This was 2 years ago and my friend contacted me last week to tell me how happy she is that I got involved in animal welfare. She wants to make a change in Turkey and she is helping in local shelters and wants to start an organization to help stray dogs. She said that people are getting better with street dogs — at least they just let them exist. Her small group of 8 friends raises funds to support spay & neuter programs, feed cats and dogs and give medical care to the ones who needs it the most.

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Why am I telling you all this?

Stray dogs are a significant part of daily life in İstanbul, most other cities in Turkey and all over the world. Loved and protected by a few, tolerated by many and hated by even more, tens of thousands of them roam the streets in a culture that isn’t exactly crazy about non-human city dwellers. This story is just an example and it’s not just happening in Turkey. Many dogs and cats live on the streets of this world, some more peacefully, others less. Some have good Samaritans like Oscar had, and some never trust humans because they’ve never experienced anything good from them. Animal rights activists in Turkey, weary of not being taken seriously by authorities at home, have taken their fight to the international platform where support for them is growing. Thanks to an Internet-based campaign against dog killings in Turkey, hundreds of people in İstanbul and in cities of at least nine other nations — including the United Kingdom, France, Canada, the US, Germany, the Netherlands, Mexico, Kenya and Australia — came together on Oct. 4, World Animal Day, in front of the Turkish diplomatic missions in their countries to convey their message against animal cruelty.

Stray dog in South America - I love this pic - Thanks for sharing, Lydia

Stray dogs are starving, beaten up, chained up, used for inhumane games, abused and killed by humans, treated like trash. I don’t want to get to deep into the details; we all see the pictures every day. There is hope and a movement all over the world… and I want to urge and encourage everyone to be the voice of these dogs and cats. Many countries have just started to pay attention to the issue of having tons of street dogs, and goodhearted people and animal advocates team up to build communities to help these animals in need. Mostly it’s a cultural problem that many countries still do have; they lack the understanding of cats and dogs as companion animals who want to be with humans. It’s not their own fault that they ended up living and trying to survive on the street. In these countries, dogs only exist to do a job or to be used for something, and not to join the family and give joy.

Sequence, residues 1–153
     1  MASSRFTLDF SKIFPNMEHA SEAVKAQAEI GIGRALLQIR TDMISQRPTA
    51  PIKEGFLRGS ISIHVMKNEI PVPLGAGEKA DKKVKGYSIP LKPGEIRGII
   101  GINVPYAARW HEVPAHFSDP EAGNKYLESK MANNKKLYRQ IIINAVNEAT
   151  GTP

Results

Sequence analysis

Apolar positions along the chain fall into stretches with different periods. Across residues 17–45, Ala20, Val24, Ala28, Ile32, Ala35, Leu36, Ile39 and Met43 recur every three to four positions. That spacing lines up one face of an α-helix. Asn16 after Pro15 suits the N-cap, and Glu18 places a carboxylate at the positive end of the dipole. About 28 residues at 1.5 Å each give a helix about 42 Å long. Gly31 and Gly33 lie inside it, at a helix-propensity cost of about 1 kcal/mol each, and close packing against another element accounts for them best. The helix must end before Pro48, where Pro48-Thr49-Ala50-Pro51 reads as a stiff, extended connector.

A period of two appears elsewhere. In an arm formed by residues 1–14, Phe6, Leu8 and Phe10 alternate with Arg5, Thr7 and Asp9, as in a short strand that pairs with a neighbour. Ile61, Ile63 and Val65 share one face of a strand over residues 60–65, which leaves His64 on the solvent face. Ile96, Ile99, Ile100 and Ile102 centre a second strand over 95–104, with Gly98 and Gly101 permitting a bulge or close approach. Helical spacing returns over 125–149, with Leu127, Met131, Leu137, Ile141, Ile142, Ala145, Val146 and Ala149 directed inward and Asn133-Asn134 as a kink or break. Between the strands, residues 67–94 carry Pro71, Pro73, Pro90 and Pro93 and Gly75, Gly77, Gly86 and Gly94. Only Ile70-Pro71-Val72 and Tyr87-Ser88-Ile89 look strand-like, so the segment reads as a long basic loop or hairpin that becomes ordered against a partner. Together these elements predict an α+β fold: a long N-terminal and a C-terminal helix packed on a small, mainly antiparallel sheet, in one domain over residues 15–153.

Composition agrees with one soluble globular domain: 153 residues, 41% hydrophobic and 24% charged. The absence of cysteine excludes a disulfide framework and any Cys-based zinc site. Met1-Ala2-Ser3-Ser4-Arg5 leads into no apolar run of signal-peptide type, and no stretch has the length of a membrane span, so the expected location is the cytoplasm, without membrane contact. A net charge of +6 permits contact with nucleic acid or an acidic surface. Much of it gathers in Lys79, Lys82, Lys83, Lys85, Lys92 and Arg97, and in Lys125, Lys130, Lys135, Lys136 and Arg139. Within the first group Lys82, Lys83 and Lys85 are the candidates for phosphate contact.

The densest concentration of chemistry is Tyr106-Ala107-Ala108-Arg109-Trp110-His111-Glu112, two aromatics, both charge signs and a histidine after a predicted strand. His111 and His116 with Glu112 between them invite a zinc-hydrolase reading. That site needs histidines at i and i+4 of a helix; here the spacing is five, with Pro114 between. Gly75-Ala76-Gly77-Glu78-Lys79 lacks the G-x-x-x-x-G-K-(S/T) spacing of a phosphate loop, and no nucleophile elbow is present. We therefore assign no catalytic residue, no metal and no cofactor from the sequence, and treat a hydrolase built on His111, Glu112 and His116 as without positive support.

Stray dogs are usually very open, like to be petted, and love to get affection. Who doesn’t? Who wants to be treated like trash, get rejected or abused? Nobody, right? So please stop abusing and treating your street dogs and cats inhumanely. They deserve better! Shirin was brave and stood up for a street dog, you can too.

This week we had the great pleasure of interviewing an organization located in Bucharest, we’ll post the interview within the next week. Tell us about street dogs you know, your experiences and how your country treats stray dogs and cats.